Viewed – 06 Feb 2009 Blu-ray
This is probably one of the most familiar films I have seen, having watched it several times over the years. Telling the tale of love struck serial killers Mickey & Mallory Knox (Woody Harrelson & Juliet Lewis) and the media frenzy they inspire during a three week state-to-state killing spree. Hot on their heels is maverick TV journalist Wayne Gail (a stunningly crazy Robert Downey Jr) and loose-cannon detective Jack Scagnetti (Tom Sizemore).
One of the most talked about movies of controversial director Oliver Stone’s career, this energetic satire of violence and the media is still as relevant now as it was back in 1994. Some may see the film as just unrelenting violence, whilst others see it as a very intelligent attack on the media and its glamorisation of violence for the sake of ratings. All angles are explored here, and no safe answers are given – Stone is never that easy to point the finger and answer your questions at the same time, he prefers you to make up your own mind.
Shot throughout with a hyperactive editing style, the film mixes stock footage, varying film types such as Super 8 to 35mm, black & white and animation, as well as images that vary from nightmarish to sexual. Also worth mentioning is that the soundtrack is packed with some incredible choices of music from the likes of Leonard Cohen, Patti Smith and Nine Inch Nails. This may not be to everyones taste but when music and visuals come together, it works magnificently, lifting a fairly conventional lovers on the lam story to the heights of truly remarkable viewing. Its an experiment that in my opinion makes this one of the most daring and unique movies of the last twenty years.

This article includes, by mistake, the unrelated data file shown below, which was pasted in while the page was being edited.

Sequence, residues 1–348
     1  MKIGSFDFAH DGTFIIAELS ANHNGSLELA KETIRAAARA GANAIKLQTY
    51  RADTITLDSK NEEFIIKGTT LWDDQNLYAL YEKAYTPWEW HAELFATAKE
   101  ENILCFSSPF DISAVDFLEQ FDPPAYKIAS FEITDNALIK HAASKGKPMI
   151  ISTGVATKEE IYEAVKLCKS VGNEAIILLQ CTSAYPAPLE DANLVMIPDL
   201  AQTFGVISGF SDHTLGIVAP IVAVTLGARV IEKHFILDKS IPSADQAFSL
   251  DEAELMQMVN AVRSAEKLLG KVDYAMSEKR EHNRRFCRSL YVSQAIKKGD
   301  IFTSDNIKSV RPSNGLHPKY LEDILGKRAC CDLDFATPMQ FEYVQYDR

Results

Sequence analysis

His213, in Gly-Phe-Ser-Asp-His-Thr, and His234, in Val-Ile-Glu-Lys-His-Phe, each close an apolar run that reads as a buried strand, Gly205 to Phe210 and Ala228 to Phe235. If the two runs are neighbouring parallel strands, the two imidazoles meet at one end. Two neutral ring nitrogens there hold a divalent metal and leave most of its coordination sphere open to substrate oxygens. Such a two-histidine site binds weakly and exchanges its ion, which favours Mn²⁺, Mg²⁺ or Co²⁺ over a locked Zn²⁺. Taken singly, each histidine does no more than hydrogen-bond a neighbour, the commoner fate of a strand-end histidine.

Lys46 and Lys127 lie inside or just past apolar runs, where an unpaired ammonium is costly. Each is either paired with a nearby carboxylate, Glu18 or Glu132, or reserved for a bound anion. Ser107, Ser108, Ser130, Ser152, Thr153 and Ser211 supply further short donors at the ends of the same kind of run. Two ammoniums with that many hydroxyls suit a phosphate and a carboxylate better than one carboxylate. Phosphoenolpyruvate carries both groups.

This U.S. Blu-ray version is the theatrically released R-rated cut, and anyone who is familiar with the slightly longer directors cut may think twice before purchasing – but let me say this now … there is very little difference in the two cuts, and as far as scenes, tone and entertainment is concerned, both are identical. I own both cuts of this film and can safely reassure anyone hesitating with this release that apart from extended violence in several scenes, none of the actual scenes are ruined as far as censorship is concerned. I’ll even go as far to say that some of the additional violence comes across as excessive and unnecessary, and isn’t really missed by this viewer (apart from maybe the opening). Now what is important is that the Blu-Ray picture is very nice indeed, even if during some of the best looking shots the details seem a little too smooth even approaching a plasticky-look that I have heard can happen when transferring back catalogue films to the high definition format. But its still probably the best this film has looked in years – and with the differing style of film used throughout, we’re never going to get something that looks like Casino Royale anyway. Sound wise we’re treated to a punchy Dolby True HD soundtrack that kicks ass for a film that is already a treat to the ears. Extras are thin on the ground with the Chaos Rising documentary strangely absent from this release. But we do get some interesting deleted scenes (my fave is the courtroom) and a commentary from Oliver Stone that is an essential listen for a film with so much to say.
Verdict: 4 /5